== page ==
The Human-Animal Bond

Humans and Animals are connected. Whether or not we have pets, we experience a symbiotic relationship that needs to be stewarded.
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Smiling black man nuzzling a black horse.

Our pets are like family, so naturally, we want them to live long and healthy lives. Pet owners feel a deep responsibility to protect the health of the animals in their care. This consequently protects the symbiotic relationship we have with these animals. Pets have a proven effect on both our psychological and physical health. Put simply; our pets are good for us.

The human-animal bond isn’t the only thing we share. Humans and animals can also share illnesses. Animals are susceptible to many of the same diseases and environmental hazards that we are. This is not just an issue for man’s best friend but for farmers and food-producing animals as well. Healthy animals mean food security for millions of people, enabling farmers to deliver food efficiently, safely and affordably. As our population increases, protecting our animals will continue to be of paramount importance.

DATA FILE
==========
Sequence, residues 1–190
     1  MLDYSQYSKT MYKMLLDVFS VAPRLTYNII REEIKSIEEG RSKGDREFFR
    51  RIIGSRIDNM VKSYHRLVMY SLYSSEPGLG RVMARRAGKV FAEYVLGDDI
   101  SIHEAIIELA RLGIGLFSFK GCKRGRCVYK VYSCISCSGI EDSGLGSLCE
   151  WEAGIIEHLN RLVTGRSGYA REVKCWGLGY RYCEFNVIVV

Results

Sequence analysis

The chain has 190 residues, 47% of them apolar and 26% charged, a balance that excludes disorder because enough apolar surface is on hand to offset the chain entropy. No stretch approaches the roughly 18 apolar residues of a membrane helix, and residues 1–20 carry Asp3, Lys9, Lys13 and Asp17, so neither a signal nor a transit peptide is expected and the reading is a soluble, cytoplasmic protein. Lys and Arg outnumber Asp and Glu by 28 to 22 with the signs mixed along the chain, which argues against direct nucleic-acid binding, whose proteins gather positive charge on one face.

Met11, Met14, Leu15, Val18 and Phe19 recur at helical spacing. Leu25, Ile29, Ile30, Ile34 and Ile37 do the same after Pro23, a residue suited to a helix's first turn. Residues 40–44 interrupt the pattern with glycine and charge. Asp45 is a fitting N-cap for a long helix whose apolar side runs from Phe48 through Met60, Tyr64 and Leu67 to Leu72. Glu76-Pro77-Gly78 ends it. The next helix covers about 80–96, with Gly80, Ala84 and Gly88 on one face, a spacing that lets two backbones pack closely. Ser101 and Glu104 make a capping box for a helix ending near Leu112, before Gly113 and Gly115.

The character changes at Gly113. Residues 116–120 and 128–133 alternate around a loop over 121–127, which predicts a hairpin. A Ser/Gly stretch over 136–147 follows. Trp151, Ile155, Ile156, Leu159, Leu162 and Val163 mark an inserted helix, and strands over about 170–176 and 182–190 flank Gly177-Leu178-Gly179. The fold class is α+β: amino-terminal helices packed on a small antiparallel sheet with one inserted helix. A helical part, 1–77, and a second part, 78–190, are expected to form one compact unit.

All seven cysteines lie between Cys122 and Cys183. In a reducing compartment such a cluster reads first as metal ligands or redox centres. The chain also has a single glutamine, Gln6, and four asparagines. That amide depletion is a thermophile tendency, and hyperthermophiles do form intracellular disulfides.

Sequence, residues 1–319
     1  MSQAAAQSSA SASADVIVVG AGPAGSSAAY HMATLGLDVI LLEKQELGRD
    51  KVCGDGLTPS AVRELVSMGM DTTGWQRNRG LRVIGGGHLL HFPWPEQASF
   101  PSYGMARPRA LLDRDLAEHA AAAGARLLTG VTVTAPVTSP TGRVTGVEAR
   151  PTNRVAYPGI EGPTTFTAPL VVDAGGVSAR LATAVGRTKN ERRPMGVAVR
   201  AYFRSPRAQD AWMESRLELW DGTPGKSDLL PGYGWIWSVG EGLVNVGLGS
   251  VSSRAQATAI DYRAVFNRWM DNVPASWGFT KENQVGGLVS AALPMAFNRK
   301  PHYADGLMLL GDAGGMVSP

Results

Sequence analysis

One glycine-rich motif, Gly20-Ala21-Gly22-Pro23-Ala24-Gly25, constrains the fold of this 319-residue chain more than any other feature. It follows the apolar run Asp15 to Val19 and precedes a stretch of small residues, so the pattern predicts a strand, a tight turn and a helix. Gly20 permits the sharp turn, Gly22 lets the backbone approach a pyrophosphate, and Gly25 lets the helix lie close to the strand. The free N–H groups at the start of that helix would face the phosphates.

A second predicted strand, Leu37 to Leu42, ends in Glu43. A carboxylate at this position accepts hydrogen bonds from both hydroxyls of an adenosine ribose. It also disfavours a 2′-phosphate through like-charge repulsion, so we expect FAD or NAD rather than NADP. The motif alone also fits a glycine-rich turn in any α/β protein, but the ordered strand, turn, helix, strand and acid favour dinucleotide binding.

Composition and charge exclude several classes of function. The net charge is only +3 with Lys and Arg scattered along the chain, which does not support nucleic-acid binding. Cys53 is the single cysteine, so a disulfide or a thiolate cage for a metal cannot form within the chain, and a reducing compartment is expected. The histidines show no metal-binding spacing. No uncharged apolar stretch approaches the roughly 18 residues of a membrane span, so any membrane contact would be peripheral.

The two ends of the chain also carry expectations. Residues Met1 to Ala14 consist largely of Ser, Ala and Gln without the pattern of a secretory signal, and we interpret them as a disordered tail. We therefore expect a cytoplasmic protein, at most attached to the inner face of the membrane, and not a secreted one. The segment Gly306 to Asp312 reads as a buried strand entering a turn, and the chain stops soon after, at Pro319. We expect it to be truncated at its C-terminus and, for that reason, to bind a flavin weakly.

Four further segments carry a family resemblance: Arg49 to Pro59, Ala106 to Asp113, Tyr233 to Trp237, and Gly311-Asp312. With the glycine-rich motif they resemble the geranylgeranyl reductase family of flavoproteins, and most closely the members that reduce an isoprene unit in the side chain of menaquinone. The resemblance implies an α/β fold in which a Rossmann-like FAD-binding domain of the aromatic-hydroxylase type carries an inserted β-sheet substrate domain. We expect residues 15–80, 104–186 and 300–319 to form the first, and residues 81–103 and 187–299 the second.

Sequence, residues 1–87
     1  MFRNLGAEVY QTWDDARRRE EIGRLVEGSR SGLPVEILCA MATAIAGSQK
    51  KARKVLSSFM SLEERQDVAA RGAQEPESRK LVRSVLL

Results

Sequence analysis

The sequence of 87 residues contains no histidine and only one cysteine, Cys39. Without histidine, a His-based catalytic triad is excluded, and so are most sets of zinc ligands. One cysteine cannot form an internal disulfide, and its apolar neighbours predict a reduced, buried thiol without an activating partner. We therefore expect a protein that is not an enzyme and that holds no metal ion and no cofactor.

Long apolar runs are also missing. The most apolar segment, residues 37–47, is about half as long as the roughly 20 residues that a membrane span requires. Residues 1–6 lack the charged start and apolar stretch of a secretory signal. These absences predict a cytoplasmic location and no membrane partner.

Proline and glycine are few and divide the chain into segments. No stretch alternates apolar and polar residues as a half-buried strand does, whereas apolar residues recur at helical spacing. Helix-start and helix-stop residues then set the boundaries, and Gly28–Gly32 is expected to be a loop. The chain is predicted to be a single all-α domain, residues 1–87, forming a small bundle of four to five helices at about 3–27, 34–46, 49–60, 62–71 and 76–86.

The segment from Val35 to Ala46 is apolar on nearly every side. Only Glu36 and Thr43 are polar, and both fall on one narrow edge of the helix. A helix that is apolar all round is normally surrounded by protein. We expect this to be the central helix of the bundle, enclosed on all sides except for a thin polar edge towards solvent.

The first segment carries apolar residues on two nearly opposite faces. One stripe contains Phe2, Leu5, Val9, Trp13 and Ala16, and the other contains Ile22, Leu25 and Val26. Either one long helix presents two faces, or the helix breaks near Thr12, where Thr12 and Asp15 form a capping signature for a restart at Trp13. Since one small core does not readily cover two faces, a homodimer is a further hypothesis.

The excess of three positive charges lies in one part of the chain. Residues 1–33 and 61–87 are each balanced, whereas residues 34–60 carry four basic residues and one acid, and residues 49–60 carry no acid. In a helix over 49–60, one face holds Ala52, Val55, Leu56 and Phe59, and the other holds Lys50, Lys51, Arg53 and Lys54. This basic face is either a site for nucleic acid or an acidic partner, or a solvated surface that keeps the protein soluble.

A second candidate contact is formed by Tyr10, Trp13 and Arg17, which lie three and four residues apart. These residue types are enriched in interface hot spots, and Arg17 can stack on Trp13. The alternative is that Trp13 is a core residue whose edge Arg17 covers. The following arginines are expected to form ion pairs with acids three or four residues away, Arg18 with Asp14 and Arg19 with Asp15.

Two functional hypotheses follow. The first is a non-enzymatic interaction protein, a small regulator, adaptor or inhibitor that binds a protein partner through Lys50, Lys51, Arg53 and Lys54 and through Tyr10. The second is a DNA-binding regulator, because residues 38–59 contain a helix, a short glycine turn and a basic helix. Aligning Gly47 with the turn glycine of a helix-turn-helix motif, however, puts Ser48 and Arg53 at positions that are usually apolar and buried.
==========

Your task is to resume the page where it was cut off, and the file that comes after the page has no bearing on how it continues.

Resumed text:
Today’s animal health professionals share a common goal: responsible use of animal medicines to prevent and manage diseases. One of the most successful approaches to this goal is the One Health approach. One Health is a collaborative, multisectoral, and transdisciplinary approach that works at a local, regional, national, and global level. It recognizes that the health of people is closely connected to the health of animals and our shared environment and operates with the goal of achieving optimal health outcomes for all.

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